Friday, October 1, 2010

Irony in Film Music

When I first heard about "The Facebook Movie," I must admit I was skeptical.  Sure I've loved most of David Fincher's movies and often imagine myself speaking Aaron Sorkin's dialogue when I'm teaching, but a movie about Facebook?  Come on.

Then I saw this trailer:

Do you know why this trailer works?  It's the music.  The images are nothing special in and of themselves - the standard teaser images we are used to seeing.  But notice how the music works with the images.

The song sung by the choir, "Creep," was originally recorded by Radiohead in the early 1990s (you can hear it here if you are not familiar with it.)  As much of Radiohead's early material, "Creep" feature a hard driving, heavy guitar sound, the opposite of what you hear in the trailer.  The lyrics basically describe a man obsessed with a woman who cannot figure out how to talk to her and sees himself as he believes she sees him:
"But I'm a creep,
I'm a weirdo
What the hell am I doin' here?
I don't belong here."
Musically, this obsession plays out in the relentless modal ostinato that rocks between the tonic, sharp 3rd, and 4th scale degrees.  Even the intrusion of power chords around the chorus do nothing to stop the driving nature of that harmonic figure.

If the trailer's designers had decided to use Radiohead's version of "Creep," the impact would have been similar, but muted.  By using the Scala & Kolacny Brothers Bulgarian girls chorus version from the album "On the Rocks" instead, they highlighted one of the most marvelous things music can bring to an image that moving pictures have a hard time creating on their own - irony.  We are used to seeing how music can work with an image, but sometimes it is more effective to have the sounds consciously go against the image.

For instance, the trailer opens with images taken from Facebook user profiles while the choir sings about wanting control and a perfect body and wanting people to notice us (all matching the images we are seeing).  Because of cultural conditioning, we hear the resonant girls' voices and simple keyboard accompaniment as heavenly or other worldly - as though we were getting an outside comment on our current cultural condition.  But then, just as the chorus begins to kick in with "I wish I was special," the face of Facebook founder Mark Zuckerberg pixilates into view and we slide into a traditional trailer.  At this point, the music falls down in the mix and instead of working with the images, creeps toward irony.  As we see a young man create a transformative website and have the standard movie-issued problems that are associated with success (jealously, mis-understanding, rivalry, sex, drugs, and rock-n-roll), we hear the choir sing that he is a creep.  We accept the sounds which seem to float above the images as truthful and when we should be admiring the self-made man, we begin to question him.  Then notice where the music stops - as Zuckerberg asks for recognition.  The choir returns with one final comment - " I don't belong here" - a thought that contradicts the trailer's written message of having 500 million friends.  The images, lyrics, and sounds all work together to create an additional layer of meaning to the trailer that at once distances us and makes us want to see the film.  It is a masterful use of music, and I only hope the film's music is as smart as its trailer's.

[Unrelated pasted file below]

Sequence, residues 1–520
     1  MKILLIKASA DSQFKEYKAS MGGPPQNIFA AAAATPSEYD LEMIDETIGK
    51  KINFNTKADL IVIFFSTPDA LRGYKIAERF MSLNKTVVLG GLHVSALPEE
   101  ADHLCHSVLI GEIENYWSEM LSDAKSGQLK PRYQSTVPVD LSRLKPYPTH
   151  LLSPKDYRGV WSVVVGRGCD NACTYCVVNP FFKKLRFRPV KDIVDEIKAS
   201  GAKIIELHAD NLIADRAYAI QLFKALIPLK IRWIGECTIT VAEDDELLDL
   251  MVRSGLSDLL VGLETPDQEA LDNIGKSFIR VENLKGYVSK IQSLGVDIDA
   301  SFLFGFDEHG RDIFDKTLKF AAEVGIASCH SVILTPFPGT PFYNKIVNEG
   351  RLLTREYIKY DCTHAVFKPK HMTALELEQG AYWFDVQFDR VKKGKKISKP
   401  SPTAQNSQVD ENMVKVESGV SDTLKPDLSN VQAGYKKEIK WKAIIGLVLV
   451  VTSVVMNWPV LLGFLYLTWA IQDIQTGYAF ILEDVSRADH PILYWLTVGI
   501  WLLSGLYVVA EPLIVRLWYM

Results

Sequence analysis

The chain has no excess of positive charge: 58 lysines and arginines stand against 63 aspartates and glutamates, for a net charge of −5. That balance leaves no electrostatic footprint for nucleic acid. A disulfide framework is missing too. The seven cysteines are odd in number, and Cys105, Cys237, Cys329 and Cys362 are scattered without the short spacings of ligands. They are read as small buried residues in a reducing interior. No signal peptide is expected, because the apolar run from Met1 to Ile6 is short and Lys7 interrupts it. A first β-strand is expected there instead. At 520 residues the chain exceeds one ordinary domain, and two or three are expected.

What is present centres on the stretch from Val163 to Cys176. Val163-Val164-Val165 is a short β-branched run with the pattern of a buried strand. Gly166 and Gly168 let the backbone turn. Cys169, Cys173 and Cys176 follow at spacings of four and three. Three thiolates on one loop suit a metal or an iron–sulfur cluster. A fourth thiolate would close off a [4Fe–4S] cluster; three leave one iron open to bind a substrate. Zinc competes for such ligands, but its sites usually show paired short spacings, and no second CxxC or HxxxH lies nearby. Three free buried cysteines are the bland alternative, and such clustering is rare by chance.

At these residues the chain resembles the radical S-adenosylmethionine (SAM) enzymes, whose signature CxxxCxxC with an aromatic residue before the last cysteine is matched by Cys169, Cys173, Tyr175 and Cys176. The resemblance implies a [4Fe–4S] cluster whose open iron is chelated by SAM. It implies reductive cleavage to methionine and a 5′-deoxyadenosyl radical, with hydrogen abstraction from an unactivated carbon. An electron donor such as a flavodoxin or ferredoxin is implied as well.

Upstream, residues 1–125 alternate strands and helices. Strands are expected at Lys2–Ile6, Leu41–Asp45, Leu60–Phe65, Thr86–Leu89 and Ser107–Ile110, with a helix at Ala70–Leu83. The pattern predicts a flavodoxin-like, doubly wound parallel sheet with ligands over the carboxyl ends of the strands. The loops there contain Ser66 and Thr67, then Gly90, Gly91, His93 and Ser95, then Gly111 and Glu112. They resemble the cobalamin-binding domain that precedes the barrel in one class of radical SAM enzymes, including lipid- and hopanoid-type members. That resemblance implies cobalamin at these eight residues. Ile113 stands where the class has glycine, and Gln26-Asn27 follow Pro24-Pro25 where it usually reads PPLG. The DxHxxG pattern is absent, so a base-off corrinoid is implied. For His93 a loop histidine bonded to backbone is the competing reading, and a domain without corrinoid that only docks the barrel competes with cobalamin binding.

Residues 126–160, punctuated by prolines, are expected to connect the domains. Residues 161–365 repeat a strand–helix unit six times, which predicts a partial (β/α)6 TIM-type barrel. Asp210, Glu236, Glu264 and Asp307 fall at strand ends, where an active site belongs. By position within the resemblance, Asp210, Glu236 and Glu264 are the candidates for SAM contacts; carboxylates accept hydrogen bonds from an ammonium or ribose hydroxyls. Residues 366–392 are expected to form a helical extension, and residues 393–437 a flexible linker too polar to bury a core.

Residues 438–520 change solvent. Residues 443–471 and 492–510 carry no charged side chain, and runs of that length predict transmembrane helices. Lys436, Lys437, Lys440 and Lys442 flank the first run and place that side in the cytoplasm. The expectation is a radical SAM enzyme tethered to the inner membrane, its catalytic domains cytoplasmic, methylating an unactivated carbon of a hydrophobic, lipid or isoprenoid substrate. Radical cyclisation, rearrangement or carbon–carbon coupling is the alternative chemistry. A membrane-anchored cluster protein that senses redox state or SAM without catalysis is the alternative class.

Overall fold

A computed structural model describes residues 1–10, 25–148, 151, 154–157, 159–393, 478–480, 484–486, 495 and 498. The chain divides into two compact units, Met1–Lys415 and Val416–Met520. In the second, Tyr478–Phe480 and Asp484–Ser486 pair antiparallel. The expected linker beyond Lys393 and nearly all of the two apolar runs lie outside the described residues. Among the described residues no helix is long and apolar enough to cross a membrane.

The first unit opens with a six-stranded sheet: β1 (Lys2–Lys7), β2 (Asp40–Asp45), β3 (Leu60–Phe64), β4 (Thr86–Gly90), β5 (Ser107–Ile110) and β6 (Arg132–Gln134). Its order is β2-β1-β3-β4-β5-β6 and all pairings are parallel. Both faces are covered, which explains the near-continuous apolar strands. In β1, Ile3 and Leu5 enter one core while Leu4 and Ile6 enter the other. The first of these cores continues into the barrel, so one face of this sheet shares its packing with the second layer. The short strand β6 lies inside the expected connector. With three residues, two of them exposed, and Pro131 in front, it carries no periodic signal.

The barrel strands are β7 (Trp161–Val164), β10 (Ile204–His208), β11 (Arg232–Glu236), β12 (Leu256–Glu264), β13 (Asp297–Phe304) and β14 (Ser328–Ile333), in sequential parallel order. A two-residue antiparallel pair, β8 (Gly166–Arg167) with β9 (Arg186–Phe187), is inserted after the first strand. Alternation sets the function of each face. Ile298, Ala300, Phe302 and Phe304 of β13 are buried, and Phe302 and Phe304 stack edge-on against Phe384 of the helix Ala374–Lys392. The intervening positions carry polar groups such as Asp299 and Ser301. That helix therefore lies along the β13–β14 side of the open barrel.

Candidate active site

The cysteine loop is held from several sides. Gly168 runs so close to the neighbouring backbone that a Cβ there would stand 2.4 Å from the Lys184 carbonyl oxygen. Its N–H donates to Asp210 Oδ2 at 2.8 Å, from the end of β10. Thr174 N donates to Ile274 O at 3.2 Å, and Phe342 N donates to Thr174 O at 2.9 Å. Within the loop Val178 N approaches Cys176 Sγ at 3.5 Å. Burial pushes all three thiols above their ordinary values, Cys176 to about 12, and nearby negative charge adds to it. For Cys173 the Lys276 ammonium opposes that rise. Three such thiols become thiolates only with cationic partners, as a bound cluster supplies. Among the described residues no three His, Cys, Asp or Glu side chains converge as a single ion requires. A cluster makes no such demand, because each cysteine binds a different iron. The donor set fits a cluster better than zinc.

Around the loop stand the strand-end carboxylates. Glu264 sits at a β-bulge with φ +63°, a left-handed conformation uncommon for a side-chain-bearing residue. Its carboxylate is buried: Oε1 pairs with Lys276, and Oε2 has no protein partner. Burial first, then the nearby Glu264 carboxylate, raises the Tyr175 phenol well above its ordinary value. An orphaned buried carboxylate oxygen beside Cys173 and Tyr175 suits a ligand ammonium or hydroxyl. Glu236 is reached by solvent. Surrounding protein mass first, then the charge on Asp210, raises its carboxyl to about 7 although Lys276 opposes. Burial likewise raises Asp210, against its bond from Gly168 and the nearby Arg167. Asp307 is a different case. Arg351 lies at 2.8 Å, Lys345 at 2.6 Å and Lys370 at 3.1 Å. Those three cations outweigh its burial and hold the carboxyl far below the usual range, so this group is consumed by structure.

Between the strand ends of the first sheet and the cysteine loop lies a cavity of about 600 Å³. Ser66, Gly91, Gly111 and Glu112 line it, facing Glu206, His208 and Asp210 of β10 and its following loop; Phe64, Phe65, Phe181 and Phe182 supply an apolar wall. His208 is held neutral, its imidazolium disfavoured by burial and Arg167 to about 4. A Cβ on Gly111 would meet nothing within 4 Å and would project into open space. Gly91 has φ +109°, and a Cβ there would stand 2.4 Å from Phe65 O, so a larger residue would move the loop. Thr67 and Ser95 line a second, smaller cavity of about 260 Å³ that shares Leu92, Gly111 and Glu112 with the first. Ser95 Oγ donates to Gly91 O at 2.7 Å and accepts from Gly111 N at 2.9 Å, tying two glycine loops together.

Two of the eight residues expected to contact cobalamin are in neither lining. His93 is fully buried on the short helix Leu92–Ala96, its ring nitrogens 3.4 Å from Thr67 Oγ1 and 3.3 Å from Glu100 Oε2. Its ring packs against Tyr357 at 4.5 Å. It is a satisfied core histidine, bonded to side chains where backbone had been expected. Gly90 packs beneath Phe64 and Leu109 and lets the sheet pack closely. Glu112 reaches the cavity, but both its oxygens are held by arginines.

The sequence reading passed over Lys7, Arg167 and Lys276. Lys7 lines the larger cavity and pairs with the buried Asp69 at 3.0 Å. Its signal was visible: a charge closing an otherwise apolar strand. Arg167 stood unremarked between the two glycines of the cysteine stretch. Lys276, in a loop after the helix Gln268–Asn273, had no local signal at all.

mistyg said...

I thought the use of this song was brilliant as well but didn't have the music background to explain why it worked so well for me. Thanks!

Jaime Olson said...

Andrew, I think you are a genius. I don't know anything about music theory and I don't really care... except when you are talking about it. You make it accessible and understandable and while I could never relate your thoughts in my own words, I understand what you are saying. !!!!
This is obviously an invaluable trait to have as a music professor but I keep thinking about the underlying cause. The things you love become lovable to others just by the way you present them - you imbue your interests with an attractive quality so that others are interested too. I have seen God use this gift in you for His Kingdom and I can only imagine how effectively He can work through you for His purposes. It's super cool.
We're extremely proud of you!

Andrew said...

Thanks for the love, guys. I actually wrote this out because I want to use it in my film music class and wanted to get my thoughts about it down before I forgot. You'll see I occasionally put lectures together here like this, so I'm glad it all makes sense.

Mary Ann said...

I loved this entry, I never thought about it that way! But now that you explained it, it makes perfect sense. I miss your class by the way. It was always very interesting and I never left without learning something new and exciting!

P.S. The Facebook movie is fantastic, so you should go see it if you can. It's one of the best movies I've seen all year. Inception was the other movie, which if you haven't seen it, it's a must-see. The music in it was so daunting I heard it in my sleep, not to mention the movie forced an out of body experience on me for the rest of the day.

laura gayle said...

Excellent analysis -- spot on, IMHO.

Which makes me ask: who put this trailer together? How conscious were they of the timing -- they HAD to have been, I would think. And then again...

Andrew said...

Generally, movie marketing people put trailers together, which is why you see the same music used over and over and over. I'd like to know what firm put this one together and if the director had input, because they sometimes do.